Monday, February 13, 2006

"Rock Star" Season Two

In case you haven't heard, CBS ordered a second season of Rock Star last month, and it is intended to be part of the summer 2006 program schedule. Dave Navarro and Brooke Burke will return as co-hosts, but it still isn't known what band will be the subject, or even if the format will be the same. Here are details:


And here's a kicker: rumors are now back that Van Halen may be the subject, and that contestants may compete to be the new VH frontman. Eddie Van Halen, the band's leader, flatly denied these rumors last October. But Larry Solters, the band's publicist, was asked about it again recently, and he replied:

"I'm not denying it. I'm not going to answer any questions about it."

A big tease? Maybe. But it's nice to know that another season of Rock Star is in the works.

A future season of the show was in doubt, not only because of the uncertainty of future bands and formats, but also because Rock Star: INXS was initially considered a ratings dud. But as the show progressed, it emerged as something of a summer sleeper hit. INXS are now headlining a sold out concert tour with new lead singer J.D. Fortune, the winner of last summer's competition. Their new album Switch (their first with Fortune) has been selling moderately well, peaking at no. 17 on the Billboard Top 200 chart. It is currently at no. 98 after 10 weeks. Not bad for a "has been" group. The opening act on the tour is Marty Casey and the Lovehammers, led by the singer (Casey) who was the runner-up on the reality show. Their self-titled CD debuted at #67 on the Billboard chart last week. Not bad for a major-label debut.

These relative successes are the probable reason for Rock Star's renewal by CBS and Mark Burnett, and it may be causing Van Halen to reconsider.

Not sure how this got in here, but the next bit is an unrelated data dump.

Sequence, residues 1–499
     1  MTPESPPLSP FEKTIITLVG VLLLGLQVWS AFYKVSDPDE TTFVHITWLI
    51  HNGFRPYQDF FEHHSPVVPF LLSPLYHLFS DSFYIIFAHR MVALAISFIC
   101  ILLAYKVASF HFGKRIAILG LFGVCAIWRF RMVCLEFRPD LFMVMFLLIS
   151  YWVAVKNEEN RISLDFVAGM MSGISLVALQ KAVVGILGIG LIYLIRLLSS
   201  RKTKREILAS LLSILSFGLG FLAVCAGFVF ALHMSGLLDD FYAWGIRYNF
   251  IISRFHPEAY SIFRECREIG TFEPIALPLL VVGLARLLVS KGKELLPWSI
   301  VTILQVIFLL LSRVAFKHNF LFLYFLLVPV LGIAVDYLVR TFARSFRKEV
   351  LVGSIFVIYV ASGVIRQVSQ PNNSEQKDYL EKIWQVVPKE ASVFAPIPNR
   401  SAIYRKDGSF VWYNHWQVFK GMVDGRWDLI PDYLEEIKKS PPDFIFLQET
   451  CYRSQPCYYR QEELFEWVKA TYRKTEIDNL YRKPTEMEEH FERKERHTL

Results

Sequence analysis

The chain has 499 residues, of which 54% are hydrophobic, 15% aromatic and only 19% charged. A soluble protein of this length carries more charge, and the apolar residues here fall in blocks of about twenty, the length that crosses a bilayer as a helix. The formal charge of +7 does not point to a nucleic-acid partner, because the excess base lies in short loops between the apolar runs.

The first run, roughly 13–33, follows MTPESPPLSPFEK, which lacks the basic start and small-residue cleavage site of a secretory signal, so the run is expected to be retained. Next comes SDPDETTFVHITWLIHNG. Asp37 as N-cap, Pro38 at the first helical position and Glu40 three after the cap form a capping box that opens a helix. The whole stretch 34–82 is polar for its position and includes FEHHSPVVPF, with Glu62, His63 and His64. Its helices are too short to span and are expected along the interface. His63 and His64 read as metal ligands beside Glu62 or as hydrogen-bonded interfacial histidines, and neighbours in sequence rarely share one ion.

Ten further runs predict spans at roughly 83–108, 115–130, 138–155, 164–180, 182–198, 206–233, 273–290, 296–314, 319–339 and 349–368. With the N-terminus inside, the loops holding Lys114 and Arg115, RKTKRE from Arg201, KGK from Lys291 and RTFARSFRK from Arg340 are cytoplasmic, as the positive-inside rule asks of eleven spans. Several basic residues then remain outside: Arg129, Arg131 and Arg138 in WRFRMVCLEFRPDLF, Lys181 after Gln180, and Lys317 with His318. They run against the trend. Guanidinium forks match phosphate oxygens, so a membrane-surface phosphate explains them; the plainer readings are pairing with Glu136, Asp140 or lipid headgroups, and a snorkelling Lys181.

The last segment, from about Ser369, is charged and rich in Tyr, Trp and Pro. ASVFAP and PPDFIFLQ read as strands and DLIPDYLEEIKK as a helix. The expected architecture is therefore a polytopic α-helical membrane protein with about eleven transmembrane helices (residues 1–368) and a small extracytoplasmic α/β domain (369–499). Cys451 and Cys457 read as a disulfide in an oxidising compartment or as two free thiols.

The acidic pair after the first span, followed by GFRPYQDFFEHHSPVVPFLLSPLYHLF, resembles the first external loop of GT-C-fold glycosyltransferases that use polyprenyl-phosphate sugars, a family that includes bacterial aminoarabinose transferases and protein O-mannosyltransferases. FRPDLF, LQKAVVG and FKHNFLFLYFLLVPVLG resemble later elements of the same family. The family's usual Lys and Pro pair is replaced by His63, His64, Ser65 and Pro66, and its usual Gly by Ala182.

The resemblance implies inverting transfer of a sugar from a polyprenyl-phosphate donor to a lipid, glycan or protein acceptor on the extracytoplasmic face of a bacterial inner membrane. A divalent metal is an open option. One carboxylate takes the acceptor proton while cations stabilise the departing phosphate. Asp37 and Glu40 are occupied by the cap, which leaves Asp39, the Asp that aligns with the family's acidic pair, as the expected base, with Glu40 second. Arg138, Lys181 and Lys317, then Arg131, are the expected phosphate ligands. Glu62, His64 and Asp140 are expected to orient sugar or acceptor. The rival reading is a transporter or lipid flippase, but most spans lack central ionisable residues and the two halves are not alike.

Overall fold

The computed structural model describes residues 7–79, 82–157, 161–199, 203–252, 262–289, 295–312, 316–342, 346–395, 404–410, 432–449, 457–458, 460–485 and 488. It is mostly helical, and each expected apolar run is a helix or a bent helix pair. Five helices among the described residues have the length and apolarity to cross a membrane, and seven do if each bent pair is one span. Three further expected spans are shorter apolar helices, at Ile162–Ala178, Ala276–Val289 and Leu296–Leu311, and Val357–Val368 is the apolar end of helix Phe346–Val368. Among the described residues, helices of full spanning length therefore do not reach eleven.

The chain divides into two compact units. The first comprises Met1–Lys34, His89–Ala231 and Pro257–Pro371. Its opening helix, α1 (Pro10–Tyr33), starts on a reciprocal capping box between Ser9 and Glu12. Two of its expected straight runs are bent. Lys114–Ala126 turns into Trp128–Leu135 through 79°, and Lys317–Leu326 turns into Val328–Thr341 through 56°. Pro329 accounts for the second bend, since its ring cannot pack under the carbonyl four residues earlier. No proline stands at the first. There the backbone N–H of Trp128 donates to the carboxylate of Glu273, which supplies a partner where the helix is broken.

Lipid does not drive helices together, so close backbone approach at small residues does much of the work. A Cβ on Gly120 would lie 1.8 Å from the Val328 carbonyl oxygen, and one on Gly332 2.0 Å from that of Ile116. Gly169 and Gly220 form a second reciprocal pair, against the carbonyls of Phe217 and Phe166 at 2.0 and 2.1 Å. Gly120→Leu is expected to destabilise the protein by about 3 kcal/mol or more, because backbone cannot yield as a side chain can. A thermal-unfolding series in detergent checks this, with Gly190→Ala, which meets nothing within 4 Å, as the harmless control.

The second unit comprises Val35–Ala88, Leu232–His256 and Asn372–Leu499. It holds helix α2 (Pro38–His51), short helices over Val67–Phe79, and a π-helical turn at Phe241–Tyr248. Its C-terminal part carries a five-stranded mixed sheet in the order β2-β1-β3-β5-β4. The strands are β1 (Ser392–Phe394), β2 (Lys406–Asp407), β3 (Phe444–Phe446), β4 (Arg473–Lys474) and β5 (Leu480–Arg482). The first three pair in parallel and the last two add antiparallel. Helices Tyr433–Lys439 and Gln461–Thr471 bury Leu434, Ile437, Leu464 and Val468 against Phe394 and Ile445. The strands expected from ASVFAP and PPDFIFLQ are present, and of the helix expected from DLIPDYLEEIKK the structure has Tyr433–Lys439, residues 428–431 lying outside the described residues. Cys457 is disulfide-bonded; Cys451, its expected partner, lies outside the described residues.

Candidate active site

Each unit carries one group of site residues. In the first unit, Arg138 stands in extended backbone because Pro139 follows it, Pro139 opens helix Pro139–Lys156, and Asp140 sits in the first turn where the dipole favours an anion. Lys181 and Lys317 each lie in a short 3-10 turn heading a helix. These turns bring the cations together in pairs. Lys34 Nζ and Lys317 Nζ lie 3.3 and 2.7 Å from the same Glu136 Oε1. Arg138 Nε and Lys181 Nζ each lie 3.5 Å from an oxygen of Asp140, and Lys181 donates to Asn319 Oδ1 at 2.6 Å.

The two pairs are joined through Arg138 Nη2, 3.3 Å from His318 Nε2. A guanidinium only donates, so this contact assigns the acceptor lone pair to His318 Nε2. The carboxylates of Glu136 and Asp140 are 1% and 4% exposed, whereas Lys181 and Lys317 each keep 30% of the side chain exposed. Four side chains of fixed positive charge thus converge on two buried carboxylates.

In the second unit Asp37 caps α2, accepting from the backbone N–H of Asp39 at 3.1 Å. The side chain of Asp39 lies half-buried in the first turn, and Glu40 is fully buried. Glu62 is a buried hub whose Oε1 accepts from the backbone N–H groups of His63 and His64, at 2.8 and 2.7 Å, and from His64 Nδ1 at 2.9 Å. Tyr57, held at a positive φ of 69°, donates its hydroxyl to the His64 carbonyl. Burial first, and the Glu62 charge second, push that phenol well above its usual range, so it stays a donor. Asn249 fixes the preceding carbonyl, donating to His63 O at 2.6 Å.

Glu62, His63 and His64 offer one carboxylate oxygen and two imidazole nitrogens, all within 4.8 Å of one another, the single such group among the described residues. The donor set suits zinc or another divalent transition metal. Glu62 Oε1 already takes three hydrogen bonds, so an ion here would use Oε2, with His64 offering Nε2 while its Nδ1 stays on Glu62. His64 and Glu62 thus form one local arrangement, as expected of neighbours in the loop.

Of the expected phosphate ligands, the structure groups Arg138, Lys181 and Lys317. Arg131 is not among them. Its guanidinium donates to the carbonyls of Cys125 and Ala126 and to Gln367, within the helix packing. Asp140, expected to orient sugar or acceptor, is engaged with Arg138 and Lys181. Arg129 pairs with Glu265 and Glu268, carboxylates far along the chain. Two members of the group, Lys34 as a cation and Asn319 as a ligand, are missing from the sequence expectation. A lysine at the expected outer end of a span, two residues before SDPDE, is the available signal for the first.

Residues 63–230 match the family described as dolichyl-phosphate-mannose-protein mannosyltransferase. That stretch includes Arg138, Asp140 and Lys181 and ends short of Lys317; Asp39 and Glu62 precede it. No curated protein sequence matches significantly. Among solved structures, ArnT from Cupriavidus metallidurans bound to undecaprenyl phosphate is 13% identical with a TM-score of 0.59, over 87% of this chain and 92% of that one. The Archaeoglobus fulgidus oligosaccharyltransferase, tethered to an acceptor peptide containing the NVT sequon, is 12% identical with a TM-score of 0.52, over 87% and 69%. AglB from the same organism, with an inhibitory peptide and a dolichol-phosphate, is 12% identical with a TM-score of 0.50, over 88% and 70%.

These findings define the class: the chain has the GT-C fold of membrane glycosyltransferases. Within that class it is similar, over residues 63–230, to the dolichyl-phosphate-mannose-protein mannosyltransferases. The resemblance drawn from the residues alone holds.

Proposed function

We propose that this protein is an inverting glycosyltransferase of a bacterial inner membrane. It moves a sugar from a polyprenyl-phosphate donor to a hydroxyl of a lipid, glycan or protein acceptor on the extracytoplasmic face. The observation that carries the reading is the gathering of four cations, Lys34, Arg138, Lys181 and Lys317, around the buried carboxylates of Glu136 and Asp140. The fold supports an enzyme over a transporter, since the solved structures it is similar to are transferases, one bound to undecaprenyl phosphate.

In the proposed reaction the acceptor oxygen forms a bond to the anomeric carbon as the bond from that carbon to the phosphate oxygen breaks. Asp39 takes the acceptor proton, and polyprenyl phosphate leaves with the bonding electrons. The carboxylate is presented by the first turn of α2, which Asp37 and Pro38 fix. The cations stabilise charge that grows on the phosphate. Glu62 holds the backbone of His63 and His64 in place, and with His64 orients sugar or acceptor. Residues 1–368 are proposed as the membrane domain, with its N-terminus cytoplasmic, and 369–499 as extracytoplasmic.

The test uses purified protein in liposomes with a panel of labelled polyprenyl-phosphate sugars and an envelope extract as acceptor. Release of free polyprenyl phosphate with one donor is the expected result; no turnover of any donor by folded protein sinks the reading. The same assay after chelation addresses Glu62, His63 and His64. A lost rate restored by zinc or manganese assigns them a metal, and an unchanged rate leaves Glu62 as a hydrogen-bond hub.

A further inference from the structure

Official Rock Star site:

Sunday, February 05, 2006

Lance Armstrong and Sheryl Crow break up

More rock star breakup news: singer Sheryl Crow has split from Tour De France racing champion Lance Armstrong. The two had been engaged since September, and had been living on a ranch in Austin, Armstrong's adopted hometown.

In November, Crow did an interview with the Associated Press in which she pointed out that celebrity magazines are more interested in seeing a couple break up than reporting on them being happy together. She said:

"When we were rumored to have split, and when our publicists called these magazines to say we haven't split, the magazines were all so disappointed because that's really what's selling, rooting for a couple and then they split. That's what sells the magazines. Why can't we just report things the way they are or see things for the good in them? ... It's an insidious energy."

Friday, February 03, 2006

The Cult are energized for 2006 tour

The Cult is returning to the road after a three-and-a-half year hiatus. Ian Astbury and Billy Duffy are in the midst of auditions and rehearsals, and the tour is set to begin on March 1st and continue until March 26th. Astbury is hoping that new Cult music will be a byproduct of the reunion. The story is here:


In April, Astbury is apparently scheduled to rejoin Doors Of The 21st Century, now known as Riders On The Storm, for dates in Europe. For those who are unfamiliar with that story: Astbury has toured for the last three years with original Doors members Ray Manzarek and Robby Krieger, taking the place of Jim Morrison as the band's frontman. Original Doors drummer John Densmore sued his former bandmates for breach of contract in February 2003. Last July, a judge ruled in Densmore's favor, and issued an injunction barring Manzarek and Krieger from using the Doors name and any likeness of Morrison. (Morrison's and Pamela Courson's estates were also plaintiffs in the lawsuit). The group was touring Canada at that time, and reluctantly changed their name to the acronym "D21C". More recently, they have called themselves Riders On The Storm.